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Crocus bulbs

These are the most bee-pleasing bulb of all, because the goblet of petals traps warm air, and warmth helps nectar flow. Smaller-flowered crocus flower first, usually by February, and among the stars are the purple and white ‘Ladykiller’ and the silver-blue ‘Blue Pearl’. These are best in warm, open sites: they do not like being in grass. Mice can devour the bulbs, so if you have these, protect the bulbs with pieces of chicken of wire, or get a cat and train it up!

Large crocus, related to the alpine species Crocus vernus, make excellent plants in the border or lawn, and they are not so fussy about drainage. The earliest is a Russian-collected silver and purple called ‘Vanguard’, that flowers two weeks after the smaller ones and two weeks before the larger ones - hence its name. Later ones include the purple and white striped ‘Pickwick’ and the full-flowered ‘Remembrance’. Known as Dutch crocus they are real stalwarts, returning year after year.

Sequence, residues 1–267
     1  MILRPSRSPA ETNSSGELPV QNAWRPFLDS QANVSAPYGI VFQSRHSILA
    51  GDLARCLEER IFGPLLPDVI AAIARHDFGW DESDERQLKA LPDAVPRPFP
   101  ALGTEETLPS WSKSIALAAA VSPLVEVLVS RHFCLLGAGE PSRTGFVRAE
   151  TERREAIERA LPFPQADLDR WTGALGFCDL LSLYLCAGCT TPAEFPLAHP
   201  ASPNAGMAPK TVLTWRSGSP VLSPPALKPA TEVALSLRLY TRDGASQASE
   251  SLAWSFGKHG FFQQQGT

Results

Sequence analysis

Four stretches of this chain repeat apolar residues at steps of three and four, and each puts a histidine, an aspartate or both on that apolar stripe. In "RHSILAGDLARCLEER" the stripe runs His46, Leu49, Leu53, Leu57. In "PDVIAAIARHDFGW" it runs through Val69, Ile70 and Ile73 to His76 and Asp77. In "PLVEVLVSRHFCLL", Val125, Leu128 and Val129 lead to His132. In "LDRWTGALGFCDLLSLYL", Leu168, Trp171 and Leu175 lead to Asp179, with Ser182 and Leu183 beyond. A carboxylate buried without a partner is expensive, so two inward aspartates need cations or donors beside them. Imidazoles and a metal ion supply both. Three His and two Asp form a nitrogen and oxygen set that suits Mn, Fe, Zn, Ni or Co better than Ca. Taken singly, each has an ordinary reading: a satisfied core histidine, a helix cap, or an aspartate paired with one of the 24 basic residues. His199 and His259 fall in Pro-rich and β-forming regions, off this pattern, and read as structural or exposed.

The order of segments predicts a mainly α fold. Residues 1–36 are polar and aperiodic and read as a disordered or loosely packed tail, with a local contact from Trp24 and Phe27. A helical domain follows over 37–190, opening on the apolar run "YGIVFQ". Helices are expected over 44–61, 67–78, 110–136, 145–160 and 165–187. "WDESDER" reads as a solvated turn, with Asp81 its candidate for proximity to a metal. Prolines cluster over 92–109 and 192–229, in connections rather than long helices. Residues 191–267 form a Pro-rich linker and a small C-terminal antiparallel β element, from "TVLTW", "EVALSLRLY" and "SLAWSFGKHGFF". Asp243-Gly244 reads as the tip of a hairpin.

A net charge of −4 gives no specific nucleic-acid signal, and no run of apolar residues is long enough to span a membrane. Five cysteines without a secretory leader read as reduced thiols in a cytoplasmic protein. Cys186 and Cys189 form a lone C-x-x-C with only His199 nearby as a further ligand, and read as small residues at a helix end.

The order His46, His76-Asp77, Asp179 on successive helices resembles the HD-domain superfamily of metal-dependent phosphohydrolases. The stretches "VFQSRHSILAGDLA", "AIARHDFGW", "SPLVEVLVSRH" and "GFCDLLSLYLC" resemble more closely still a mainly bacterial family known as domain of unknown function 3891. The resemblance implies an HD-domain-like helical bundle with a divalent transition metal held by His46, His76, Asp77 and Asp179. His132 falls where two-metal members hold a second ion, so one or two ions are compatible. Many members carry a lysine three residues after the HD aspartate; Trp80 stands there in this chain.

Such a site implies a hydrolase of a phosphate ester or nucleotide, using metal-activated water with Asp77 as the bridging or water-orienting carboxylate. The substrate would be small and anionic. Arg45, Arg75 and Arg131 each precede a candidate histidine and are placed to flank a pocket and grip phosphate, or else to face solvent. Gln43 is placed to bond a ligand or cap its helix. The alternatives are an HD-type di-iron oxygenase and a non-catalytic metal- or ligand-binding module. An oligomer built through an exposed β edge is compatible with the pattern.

Planting Tips

The general rule of thumb is to plant all your bulbs at least twice the depth of the bulb. Wear gloves if you have sensitive skin because some bulbs do irritate the skin (particularly hyacinths), and always wash your hands afterwards as they are often treated with a fungicide.

A small trowel is the most useful tool in the border, but a garden spade is best when planting in grass. Cut a foot-long v-shape in the grass, as if it were two sides of a triangle, and lift the v-shaped flap of turf. Break up the soil underneath with a garden fork and place the bulbs in the triangle and then stretch the flap of turf in your hands to distress it slightly. Replace the turf, trimming if you have to.

If you’re planting a border, avoid any straight lines unless it’s in a cutting garden. Randomly throw them on the ground and plant where they land. This looks far more natural. If it’s a large area and you have a small child, you can copy the famous Miss Ellen Willmott of Warley Place in Essex. She placed the small child in a wheelbarrow with a sack of bulbs and pushed it along whilst they showered the ground with bulbs.

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